Elias Neibart is the founder and owner of Elias Neibart Tutoring in Hoboken, New Jersey.
Elias Neibart was a Pat H. Odom Dean’s Achievement Scholar at Emory University. Neibart graduated Phi Beta Kappa and Summa Cum Laude from Emory and is working for two years before attending in law school.
Neibart interned with the United States Attorney’s Office for the Southern District of New York, the New York State Attorney General’s Office, and the Essex County Prosecutor’s Office.
During college, Elias Neibart also conducted research. Neibart’s focus was on the American founding and the United States Constitution. Neibart also participated on the Emory University Mock Trial Team, where he was a nationally recognized mock trial competitor.
Elias Neibart currently works in New York City, and he will soon attend Harvard Law School.
Between classes, we had the chance to sit down for a short interview with Elias Neibart to learn a little more about why he started Elias Neibart Tutoring and how he has translated his academic and extracurricular success to a promising new business venture.
Why did you start Elias Neibart Tutoring?
In advance of attending Harvard Law School, I have been asked to work with a growing number of students to improve their test scores and get admitted to top ten law schools. It was clear to me there was a demand not adequately met by existing law school tutoring solutions.
What distinguishes Elias Neibart Tutoring from many better-known tutoring services, is that our classes are customized and personalized to meet the specific needs of our students, building on their testing strengths and eliminating testing weaknesses with cutting edge study strategies and proven test-taking tactics. It is not one-size-fits-all. Everyone learns differently and I am able to adapt my teaching style to the specific talents of the student. In a smaller, more comfortable environment students are more free to make mistakes and ask questions, without the glare of peers and this is a much more conducive environment to mastery.
What does your typical day look like and how do you make it productive?
A typical day involves one or two two-hour sessions with my students. Before each session, I usually spend thirty minutes reviewing my lesson plan. To make the best use of my time, I plan out lessons to the minute; I create 8 fifteen-minute blocks, and I note what concepts or questions I want to review during each segment. By preparing in advance and outlining the goals for each class, I ensure that my students and I are staying on-track and using time effectively.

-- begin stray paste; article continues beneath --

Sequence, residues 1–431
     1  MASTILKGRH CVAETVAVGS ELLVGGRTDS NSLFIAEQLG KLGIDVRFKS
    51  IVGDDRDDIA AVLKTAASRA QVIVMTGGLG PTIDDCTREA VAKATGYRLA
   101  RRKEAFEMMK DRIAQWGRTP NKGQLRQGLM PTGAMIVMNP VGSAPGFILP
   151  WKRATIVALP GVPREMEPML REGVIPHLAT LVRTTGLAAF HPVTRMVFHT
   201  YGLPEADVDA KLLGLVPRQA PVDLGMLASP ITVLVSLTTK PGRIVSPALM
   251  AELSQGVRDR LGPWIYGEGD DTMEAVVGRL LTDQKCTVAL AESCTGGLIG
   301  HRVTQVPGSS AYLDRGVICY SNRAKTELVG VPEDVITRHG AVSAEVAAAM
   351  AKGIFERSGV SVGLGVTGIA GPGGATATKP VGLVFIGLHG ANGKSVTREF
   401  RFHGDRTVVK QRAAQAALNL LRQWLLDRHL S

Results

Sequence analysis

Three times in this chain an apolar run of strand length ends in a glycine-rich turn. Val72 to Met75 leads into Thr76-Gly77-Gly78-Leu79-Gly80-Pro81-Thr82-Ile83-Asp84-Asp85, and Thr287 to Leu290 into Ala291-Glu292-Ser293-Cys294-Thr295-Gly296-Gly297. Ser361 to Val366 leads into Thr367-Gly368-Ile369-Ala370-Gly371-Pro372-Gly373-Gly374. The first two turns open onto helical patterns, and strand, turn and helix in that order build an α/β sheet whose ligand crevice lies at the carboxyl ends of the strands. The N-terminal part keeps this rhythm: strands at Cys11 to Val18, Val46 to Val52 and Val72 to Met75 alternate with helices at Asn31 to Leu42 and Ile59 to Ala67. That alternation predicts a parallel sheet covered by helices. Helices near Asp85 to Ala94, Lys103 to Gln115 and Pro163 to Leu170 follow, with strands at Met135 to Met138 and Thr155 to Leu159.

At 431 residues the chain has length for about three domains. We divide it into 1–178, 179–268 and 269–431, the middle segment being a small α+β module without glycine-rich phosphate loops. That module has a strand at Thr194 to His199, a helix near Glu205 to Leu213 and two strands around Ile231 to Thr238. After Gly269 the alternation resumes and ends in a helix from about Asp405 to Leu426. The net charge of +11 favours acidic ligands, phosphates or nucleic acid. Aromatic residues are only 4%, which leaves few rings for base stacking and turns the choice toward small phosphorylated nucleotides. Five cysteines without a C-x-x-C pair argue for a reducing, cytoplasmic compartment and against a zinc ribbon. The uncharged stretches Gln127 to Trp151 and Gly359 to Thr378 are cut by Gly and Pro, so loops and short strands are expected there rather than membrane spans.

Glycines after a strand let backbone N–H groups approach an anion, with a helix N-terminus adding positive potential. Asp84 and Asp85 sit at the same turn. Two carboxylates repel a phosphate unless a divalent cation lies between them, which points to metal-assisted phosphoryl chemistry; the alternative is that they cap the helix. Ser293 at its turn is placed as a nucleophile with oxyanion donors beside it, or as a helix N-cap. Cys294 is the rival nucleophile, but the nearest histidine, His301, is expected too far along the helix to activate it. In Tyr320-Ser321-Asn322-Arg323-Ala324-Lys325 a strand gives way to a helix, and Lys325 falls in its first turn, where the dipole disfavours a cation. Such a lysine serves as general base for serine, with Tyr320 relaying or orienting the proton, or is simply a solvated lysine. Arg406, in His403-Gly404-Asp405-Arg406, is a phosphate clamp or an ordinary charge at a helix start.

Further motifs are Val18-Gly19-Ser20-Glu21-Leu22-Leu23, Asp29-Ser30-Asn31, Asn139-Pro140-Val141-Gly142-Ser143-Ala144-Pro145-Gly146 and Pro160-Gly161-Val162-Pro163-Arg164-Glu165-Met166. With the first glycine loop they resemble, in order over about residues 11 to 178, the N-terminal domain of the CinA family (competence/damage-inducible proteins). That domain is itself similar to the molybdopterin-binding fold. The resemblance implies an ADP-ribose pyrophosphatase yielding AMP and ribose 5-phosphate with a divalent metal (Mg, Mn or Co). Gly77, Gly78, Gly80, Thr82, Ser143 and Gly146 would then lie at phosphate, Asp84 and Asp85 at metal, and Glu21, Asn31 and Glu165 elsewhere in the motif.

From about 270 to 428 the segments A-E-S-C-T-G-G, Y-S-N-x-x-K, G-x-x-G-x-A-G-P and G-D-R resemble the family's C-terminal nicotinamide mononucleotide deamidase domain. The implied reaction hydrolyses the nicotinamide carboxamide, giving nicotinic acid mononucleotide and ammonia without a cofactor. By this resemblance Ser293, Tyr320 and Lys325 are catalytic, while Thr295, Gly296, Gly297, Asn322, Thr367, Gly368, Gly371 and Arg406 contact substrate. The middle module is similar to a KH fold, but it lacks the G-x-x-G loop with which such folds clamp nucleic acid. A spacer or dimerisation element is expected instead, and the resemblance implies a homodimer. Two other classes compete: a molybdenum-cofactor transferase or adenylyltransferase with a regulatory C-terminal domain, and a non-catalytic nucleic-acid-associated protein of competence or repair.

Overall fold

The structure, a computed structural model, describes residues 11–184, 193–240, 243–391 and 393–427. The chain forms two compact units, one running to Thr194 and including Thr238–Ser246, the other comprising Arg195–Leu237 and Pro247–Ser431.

How do you bring ideas to life?
I think it is very important to be enthusiastic about the material you are teaching. If you actively engaged, your students will be engaged, and this passion and energy bring lesson plans and the ideas I try to convey. The law can be presented in a dry textbook manner, but in the hands of a gifted and teacher, it can inform and inspire. This is the standard I aspire to with every student and in every class.
What’s one trend that really excites you?
Since 2018, there have been notable increases in law school applications, and the number of people registering for The Law School Admission Test (LSAT) administered by The Law School Admission Council. From 2017 to 2018, the American Bar Association (ABA) reported an 8 percent increase in law school applications, the largest law school programs had seen since 2010. LSAT registrations increased over 21 percent during that same academic year. These trends have continued in 2019 and 2020 and the 2019-2020 admission cycle saw a 3.3% increase in applicants, and experts anticipate a similar increase for 2020-2021. This is a promising trend for the law school tutoring industry, and I have seen a similar uptick in demand for my tutoring services.
According to a recent report, the global private tutoring market was valued at approximately USD 96,218 million in 2017 and is expected to generate around USD 177,621 million by 2026, at a CAGR of around 7.1% between 2018 and 2026.
One of the more notable changes over the past 12 months has been the shift to online tutoring.
In response to the current health crisis, I recently launched a range of virtual options for prospective law school students seeking online learning and tutoring in advance of their law school admissions exams.
COVID-19 and guidelines from the Centers for Disease Control and Prevention (CDC) has meaningfully altered the way that all tutoring companies operate, and the industry is trending towards using Zoom, Skype, and Microsoft Teams. This shift excites me because now I can reach students globally who need assistance. I am no longer limited by my usual 25-mile radius.